An exosome formulation has been created to deliver vascular endothelial-growth factor (VEGF) antibodies for choroidal neovascularisation therapy in models.
A team of scientists at the Chinese Academy of Sciences (CAS) and Beijing Chaoyang Hospital, both China, and the University of Queensland, Australia, have developed a new formulation based on regulatory T cell exosomes (rEXS) to deliver vascular endothelial growth factor (VEGF) antibodies for choroidal neovascularisation therapy. Present treatment for ocular neovascular disease involves an intravitreal injection of VEGF antibodies (aV) to block the activity of VEGF and suppress pathogenic angiogenesis. However, this therapy faces problems of fast metabolism with the aqueous humour, poor accumulation in lesions and limited efficacy.
The researchers collected aqueous humour samples from a large cohort of patients and quantified VEGF and other proinflammatory cytokines. “We observed a strong association between inflammation and high VEGF expression in aqueous humour samples,” said Professor Yong Tao at Beijing Chaoyang Hospital.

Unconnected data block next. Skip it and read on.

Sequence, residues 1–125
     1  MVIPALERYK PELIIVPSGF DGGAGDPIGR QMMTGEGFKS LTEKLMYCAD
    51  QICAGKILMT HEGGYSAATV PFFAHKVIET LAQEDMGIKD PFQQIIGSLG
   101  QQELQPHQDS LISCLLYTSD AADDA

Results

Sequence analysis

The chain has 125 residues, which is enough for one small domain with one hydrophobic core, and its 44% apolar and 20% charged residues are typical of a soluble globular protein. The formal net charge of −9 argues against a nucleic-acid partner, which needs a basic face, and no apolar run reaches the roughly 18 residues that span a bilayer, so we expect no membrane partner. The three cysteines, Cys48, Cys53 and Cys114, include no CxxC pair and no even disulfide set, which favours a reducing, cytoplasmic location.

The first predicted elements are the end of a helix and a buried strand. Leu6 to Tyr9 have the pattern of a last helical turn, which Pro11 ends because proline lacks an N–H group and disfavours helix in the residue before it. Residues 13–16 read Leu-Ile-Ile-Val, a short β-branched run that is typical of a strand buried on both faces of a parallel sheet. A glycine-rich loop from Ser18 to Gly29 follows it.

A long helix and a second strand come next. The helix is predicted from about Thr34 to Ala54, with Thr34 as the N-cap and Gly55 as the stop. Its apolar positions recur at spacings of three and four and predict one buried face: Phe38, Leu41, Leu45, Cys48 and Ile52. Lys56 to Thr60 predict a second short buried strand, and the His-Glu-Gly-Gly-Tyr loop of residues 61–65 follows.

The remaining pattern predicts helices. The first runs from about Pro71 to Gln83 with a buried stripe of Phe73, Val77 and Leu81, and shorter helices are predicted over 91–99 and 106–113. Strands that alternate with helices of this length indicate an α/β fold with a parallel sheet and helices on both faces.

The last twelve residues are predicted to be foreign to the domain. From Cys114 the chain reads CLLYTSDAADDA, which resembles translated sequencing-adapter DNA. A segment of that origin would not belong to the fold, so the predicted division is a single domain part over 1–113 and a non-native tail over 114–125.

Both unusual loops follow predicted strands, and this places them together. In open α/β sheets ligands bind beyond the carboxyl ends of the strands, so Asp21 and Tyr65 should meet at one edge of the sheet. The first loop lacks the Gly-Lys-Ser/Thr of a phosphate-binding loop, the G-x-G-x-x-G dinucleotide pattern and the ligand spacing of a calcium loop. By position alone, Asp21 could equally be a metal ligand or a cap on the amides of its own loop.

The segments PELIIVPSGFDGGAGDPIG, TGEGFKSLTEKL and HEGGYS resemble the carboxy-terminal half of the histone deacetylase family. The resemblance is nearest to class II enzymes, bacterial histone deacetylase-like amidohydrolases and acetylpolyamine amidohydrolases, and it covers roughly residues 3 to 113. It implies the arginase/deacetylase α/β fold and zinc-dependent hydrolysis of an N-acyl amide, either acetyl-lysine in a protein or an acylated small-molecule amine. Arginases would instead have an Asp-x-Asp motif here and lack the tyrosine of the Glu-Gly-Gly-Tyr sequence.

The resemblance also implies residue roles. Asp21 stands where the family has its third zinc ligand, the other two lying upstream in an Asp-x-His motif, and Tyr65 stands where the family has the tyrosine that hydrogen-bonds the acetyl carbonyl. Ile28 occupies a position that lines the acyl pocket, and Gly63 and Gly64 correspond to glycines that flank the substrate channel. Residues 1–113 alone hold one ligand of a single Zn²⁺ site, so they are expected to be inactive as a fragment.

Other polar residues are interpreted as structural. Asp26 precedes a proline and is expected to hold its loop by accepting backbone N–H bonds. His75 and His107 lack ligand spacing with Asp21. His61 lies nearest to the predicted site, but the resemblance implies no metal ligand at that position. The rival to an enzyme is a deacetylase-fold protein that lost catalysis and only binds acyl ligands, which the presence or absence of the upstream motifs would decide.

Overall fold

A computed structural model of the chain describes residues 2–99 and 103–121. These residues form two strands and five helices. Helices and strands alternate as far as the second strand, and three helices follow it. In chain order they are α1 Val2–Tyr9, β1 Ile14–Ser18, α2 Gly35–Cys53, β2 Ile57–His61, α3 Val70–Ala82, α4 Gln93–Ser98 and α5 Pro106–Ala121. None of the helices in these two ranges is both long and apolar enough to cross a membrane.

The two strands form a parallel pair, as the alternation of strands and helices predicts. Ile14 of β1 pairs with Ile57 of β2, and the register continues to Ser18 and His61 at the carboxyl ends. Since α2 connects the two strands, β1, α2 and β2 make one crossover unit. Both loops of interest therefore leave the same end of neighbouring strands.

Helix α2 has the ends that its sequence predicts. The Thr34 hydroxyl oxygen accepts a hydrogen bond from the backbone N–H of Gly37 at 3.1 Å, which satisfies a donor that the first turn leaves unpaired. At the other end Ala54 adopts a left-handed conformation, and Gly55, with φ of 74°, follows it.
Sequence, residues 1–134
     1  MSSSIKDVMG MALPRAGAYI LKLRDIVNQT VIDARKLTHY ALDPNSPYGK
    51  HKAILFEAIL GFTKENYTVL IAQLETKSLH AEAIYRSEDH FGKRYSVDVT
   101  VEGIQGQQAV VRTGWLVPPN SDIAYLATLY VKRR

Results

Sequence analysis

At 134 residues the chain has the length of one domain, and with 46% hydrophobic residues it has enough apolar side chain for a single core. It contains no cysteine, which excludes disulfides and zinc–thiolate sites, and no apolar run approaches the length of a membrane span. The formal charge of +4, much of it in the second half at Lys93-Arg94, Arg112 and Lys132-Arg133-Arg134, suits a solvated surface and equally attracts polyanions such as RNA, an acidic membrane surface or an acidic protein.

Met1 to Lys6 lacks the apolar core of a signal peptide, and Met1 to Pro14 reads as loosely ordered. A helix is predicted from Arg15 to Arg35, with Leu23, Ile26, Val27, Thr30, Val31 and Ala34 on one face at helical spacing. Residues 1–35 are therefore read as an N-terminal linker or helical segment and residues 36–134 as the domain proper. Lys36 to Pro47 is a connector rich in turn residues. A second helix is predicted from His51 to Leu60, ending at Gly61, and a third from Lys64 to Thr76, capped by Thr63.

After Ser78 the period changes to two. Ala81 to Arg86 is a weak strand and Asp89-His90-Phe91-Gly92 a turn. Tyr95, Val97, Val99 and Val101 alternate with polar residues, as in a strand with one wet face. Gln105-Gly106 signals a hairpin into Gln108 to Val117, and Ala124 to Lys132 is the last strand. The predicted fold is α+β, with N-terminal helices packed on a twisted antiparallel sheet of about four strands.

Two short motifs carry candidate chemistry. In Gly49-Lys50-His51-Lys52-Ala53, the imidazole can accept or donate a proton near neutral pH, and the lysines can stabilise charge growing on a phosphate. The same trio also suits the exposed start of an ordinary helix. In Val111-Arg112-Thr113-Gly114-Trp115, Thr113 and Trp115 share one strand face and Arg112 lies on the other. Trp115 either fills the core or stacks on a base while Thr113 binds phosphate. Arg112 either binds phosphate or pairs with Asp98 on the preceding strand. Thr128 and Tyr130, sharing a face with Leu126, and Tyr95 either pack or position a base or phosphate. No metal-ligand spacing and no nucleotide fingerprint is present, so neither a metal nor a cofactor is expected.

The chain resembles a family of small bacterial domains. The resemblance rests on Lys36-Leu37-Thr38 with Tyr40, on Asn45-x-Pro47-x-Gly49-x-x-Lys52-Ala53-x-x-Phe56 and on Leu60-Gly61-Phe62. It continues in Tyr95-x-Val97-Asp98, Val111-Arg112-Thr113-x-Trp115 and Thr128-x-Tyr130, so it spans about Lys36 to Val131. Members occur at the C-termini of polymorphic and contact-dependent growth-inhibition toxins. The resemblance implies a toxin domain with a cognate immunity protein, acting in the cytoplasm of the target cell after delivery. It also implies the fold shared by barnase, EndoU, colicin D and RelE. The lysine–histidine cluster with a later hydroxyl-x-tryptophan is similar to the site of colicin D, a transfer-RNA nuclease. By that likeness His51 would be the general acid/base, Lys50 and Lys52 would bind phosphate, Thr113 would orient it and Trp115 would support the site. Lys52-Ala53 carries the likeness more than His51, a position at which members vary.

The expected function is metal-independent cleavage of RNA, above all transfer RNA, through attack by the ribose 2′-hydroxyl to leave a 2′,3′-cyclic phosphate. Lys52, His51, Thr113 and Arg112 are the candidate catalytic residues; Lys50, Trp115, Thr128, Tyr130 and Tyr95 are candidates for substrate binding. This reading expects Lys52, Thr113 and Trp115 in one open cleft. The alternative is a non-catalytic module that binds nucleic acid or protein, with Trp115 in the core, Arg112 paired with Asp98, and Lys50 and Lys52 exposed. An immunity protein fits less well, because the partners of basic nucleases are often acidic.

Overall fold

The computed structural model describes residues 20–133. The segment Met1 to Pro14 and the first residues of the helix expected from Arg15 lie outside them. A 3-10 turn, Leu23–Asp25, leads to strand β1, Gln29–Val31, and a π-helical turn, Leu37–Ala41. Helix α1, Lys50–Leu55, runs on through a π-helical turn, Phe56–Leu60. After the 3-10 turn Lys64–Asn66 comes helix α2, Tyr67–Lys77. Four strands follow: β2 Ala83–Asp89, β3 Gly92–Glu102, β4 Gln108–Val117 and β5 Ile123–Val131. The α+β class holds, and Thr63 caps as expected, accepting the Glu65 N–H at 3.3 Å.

Subsequently, exosomes were isolated from regulatory T cells (Tregs) and utilised to conjugate aV using a peptide linker (cL) that was subject to cleavage by matrix metalloproteinases (MMPs) in inflammatory lesions. “This design concept could achieve efficient spatiotemporal delivery for combination therapy. After intravitreal injection, rEXS-cL-aV exploited the ability of rEXS to localise in neovascularisation lesions and, upon MMP-mediated cleavage, released rEXS and aV to supress inflammation and VEGF activity, respectively,” added Professor Wei Wei at CAS.
Although the study is still at the pre-clinical stage, the therapeutic efficacies were confirmed in both murine and non-human primate models of choroidal neovascularisation. Professor Di Yu at the University of Queensland concluded: “Given that rEXS can be produced from the patients’ own cells and aV has been approved for clinical use, our rEXS-cL-aV has the potential for translation to clinic.”
The study is published in Nature Biomedical Engineering.